(( Roku‘s NASDAQ:ROKU) eponymous platform came into being as a set-top box that gave the “dumb” TVs of the late 2000s the ability to stream Netflix and, later, Hulu. By the time Amazon NASDAQ:AMZN) got into the platform game in 2014, TVs had gone “smart” — but there was still a big market for “streaming sticks” and “streaming boxes” capable of giving dumb TVs more features and, quite often, effectively replacing the interface of a given smart TV with the more pleasant alternative offered by Fire TV or Roku.
Some smart TVs ran licensed platforms — in particular, Alphabet‘s Android TV. But many brands seemed to think it was a better idea to build a platform than to license it. That may have been cost effective, but the frequent use of Roku and Fire TV devices on already-smart TVs is a testament to how weak some of these proprietary platforms could be in the eyes of users. Given that success and Android’s example, it was only a matter of time before Roku and Amazon dove into the smart TV market themselves. And so they did — and now it’s clear that it will be TVs, not “sticks” or “boxes,” that will shape the future of these companies.
Roku, Amazon, and their new TVs
Neither Roku nor Amazon has become a TV manufacturer, but both have found partners for their smart TV projects.
Roku was the first of the pair to enter the niche. The company announced its Roku TV line of smart TVs in 2014 and found success in the following few years. Roku TVs have enjoyed a mutually supportive ascendance with TCL, the Chinese TV producer that has transformed itself from a relative unknown into a major industry player in just a few short years.
Roku TV models — particularly those from TCL — remain very popular. TCL shipped 26% of all TVs sold in North America in the first quarter of 2019. That was enough to eclipse Samsung and to allow Roku’s platform to claim a 34% market share in smart TV sales that same quarter (a figure that includes other partners’ sales as well as TCL’s).
Part of the appeal is the price. Roku’s TVs have been very affordable from the get-go. The company’s low-priced 4K models arrived at the perfect time to take advantage of the new normal — we’re well past the 4K tipping point now, and even budget-minded consumers are looking for 4K products.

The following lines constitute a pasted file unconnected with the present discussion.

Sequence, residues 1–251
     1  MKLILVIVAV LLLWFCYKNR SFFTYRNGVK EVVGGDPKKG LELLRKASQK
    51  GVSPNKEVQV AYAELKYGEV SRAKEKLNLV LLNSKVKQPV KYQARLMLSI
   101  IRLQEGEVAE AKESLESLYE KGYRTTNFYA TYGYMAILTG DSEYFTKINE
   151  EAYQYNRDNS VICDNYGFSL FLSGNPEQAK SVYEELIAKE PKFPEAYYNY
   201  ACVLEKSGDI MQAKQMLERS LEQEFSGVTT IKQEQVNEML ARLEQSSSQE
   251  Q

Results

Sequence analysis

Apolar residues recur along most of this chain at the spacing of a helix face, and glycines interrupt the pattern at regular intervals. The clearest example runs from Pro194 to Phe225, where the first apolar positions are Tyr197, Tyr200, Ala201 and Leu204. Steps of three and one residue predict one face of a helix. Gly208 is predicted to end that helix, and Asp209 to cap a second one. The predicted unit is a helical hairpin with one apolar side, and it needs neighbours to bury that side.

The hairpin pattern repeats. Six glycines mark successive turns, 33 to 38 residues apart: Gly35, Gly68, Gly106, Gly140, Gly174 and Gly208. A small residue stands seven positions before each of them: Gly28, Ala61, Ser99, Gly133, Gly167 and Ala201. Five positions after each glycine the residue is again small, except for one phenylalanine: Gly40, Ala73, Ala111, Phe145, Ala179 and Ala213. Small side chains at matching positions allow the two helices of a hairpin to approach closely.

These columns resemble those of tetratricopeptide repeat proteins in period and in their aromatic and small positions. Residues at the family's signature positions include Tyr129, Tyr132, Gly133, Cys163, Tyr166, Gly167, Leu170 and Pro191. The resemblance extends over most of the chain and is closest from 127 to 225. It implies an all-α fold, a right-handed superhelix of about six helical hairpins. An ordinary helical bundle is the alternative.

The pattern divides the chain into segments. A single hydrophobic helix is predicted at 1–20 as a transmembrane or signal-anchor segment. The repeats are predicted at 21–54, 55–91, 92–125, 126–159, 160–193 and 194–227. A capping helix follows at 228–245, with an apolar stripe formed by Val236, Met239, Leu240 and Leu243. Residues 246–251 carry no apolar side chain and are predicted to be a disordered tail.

All of this has not escaped the notice of Amazon. Amazon put out a line of Fire TV Edition smart TVs in 2017 with the aid of manufacturers like Element and, later, Toshiba.
They weren’t received with quite the same enthusiasm as the Roku TVs were. But now Amazon is back, partnering with Toshiba to produce a new line of Fire TV Edition smart TVs that will boast new features like OLED screens and built-in Alexa mics. And Amazon has been quick to target the same low price points as Roku.
Roku isn’t standing pat, though. It’s moving into the UK market with a new line of TVs from Hisense — a significant play as Amazon has been building up its Fire TV platform’s strength in Europe as well.
Platforms matter — and TVs are king
It’s easy to see why Roku and Amazon are in the midst of such a pitched battle for platform market share. These platforms can be very lucrative. While Roku has long since given up on making big money from its hardware, it has become more effective at selling targeted ads. Fire TV runs ads, too. Connected TV devices like the Roku TVs and Fire TV Edition models want to cater to advertisers and ad-buying firms like The Trade Desk, which is why Roku has more heavily invested in its ad-targeting technology. As is so common in tech, the consumers are also the product.
Of course, advertising isn’t the only money-maker here. Both platforms also offer users the chance to sign up for some apps and services through the platform, which allows Amazon and Roku to “tax” those subscriptions. On top of all of this, Amazon puts its Fire TV platform to work funneling users to its own offerings: movies and shows to rent or buy, Amazon originals on Amazon Prime Video, and subscriptions to third-party premium services through Amazon Channels.
But all of this stuff doesn’t work without consumers. Roku and Fire TV can’t survive by making “dumb” TVs smart, because dumb TVs are now virtually nonexistent. Wisely, they also haven’t stuck to serving as understudies for bad proprietary smart TV platforms. Now that consumers can get effective platforms from the start (most notably, of course, the Roku and Fire TV platforms themselves), they’re presumably unlikely to switch platforms until they buy their next TV. They’ll have years to get used to the platform that came with their model and likely become loyal customers in the process. Tech investors interested in the outcome of the platform wars would be wise to keep an eye on the smart TV front.